LCQ7: Protecting rights of transsexuals

Following is a question by the Hon Alvin Yeung and a written reply by the Secretary for Justice, Mr Rimsky Yuen, SC, in the Legislative Council today (July 6):


The Court of Final Appeal (CFA) made an order on the W case in July 2013, holding that a person in a situation same as that of Ms W, the applicant, (i.e. male by birth, but changed to female after undergoing full sex reassignment surgery (SRS)) was qualified as a "woman" under the relevant legislation and was therefore entitled to marry a man. CFA decided at the same time to suspend the order for 12 months to allow the Government and this Council sufficient time for discussion and carrying out work to amend legislation. Subsequently, the Government introduced the Marriage (Amendment) Bill 2014 into this Council on March 19, 2014, but the bill was negatived by this Council. On the other hand, the Government set up an Inter-departmental Working Group on Gender Recognition (IWG) in January 2014 to consider legislation and administrative measures that were required to protect the rights of transsexuals in all legal contexts, and to make reform recommendations. In this connection, will the Government inform this Council:

(1) of the work progress of IWG;

(2) of the legislation and administrative measures being studied by IWG;

(3) whether IWG has finalised the drafting of reform recommendations; if IWG has, of the details;

(4) as one of the tasks of IWG is to study other jurisdictions' legislation, case-law and systems concerning gender recognition, of the details and progress of the task;

(5) as CFA mentioned in the W case the gender recognition problems faced by transsexuals (including those who had not fully completed SRS) and hoped that the executive authorities and the legislature would consider how to deal with those problems, whether the authorities have conducted studies in this regard; if they have, of the details, including the legislation and administrative measures that have been/are being studied; if not, the reasons for that; and

(6) when the authorities will introduce a bill to amend the Marriage Ordinance (Cap 181) into this Council again?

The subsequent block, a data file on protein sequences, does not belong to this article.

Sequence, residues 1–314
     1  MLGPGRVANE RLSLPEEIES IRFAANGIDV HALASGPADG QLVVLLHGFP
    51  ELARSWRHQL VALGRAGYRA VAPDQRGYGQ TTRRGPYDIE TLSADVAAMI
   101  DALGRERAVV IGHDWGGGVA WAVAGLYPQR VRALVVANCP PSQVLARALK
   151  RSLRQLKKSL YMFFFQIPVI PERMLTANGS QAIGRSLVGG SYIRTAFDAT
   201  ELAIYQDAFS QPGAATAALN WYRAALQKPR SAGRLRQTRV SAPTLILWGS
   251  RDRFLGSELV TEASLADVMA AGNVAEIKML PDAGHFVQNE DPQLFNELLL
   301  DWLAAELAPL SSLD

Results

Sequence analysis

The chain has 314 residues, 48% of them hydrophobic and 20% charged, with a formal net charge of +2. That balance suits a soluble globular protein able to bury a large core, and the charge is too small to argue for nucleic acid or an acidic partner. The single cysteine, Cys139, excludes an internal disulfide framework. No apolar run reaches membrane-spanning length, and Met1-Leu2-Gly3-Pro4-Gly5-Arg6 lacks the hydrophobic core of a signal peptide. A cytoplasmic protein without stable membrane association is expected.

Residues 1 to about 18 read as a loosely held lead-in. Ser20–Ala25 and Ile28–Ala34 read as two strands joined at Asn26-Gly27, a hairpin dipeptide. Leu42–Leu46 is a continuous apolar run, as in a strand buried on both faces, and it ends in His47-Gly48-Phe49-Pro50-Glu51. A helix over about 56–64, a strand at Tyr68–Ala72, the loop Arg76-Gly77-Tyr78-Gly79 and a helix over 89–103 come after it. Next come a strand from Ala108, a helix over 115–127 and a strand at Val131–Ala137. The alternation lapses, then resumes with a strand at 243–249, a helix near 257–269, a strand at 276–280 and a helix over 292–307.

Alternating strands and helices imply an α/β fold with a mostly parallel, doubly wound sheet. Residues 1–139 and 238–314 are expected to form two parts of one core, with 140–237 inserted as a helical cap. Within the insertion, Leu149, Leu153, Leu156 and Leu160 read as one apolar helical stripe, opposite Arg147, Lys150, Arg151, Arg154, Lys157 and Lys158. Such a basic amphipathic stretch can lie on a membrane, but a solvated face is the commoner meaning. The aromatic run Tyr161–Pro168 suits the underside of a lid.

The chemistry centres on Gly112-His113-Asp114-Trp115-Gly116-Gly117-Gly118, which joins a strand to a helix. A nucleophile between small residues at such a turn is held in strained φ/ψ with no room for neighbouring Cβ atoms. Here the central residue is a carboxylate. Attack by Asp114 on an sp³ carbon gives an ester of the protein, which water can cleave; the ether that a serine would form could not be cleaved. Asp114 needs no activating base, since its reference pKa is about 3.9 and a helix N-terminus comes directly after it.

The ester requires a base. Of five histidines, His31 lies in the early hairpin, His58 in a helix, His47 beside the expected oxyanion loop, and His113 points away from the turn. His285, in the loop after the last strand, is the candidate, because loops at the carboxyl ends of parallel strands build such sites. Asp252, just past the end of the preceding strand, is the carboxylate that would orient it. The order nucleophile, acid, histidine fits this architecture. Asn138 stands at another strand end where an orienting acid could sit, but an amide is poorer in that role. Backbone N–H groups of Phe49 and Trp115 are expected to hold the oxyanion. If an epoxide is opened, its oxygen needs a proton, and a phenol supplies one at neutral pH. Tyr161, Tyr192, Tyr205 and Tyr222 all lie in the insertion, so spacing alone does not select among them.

The consolidated reply to Hon Alvin Yeung's question is as follows:

The Government set up the Inter-departmental Working Group on Gender Recognition (IWG) to consider legislative and incidental administrative measures that may be required to protect the rights of transsexual persons in the legal contexts and to make such recommendations for reform as may be appropriate.

The scope of the IWG's study includes both recognition and post-recognition issues. The IWG is currently studying recognition issues and, upon completion of this study, will move to the next stage of study concerning post-recognition issues.

On recognition issues, the IWG has been reviewing various issues, including the condition known as gender identity disorder or gender dysphoria, whether there should be a gender recognition scheme, the various options for a gender recognition scheme, and the relevant qualification criteria (including the extent to which sex reassignment surgery (SRS) is required) and the application procedure. In this connection, the IWG has been conducting a review of the legislation, schemes and case law in over 100 overseas jurisdictions, and the standards of international bodies, with a view to making recommendations to the Government on possible legislation that may be necessary to address the issues faced by transsexual persons. The IWG is currently in the course of drafting a consultation paper to seek the views of the public on recognition issues. It will endeavour to publish the paper as early as possible within this year.

As regards post-recognition issues, the IWG will focus on reviewing all the existing legislative provisions and administrative measures in Hong Kong which may be affected by legal gender recognition, so that any required legislative or procedural reform may be followed up by the Government.

The IWG will continue to consult widely in the course of its work before finalising its recommendations to the Government. Upon receipt of the final recommendations of the IWG, the Government will consider them carefully before determining the way forward for the relevant reform. At this moment, since public consultation is yet to be done, it is not possible at this stage to set any time table for introducing legislation to implement the proposals to be put forward by the IWG. For the same reason, it is premature to comment on whether, and if so, when the Government will introduce a bill to amend the Marriage Ordinance (Cap 181) into the Legislative Council.

Ends/Wednesday, Jul 06, 2016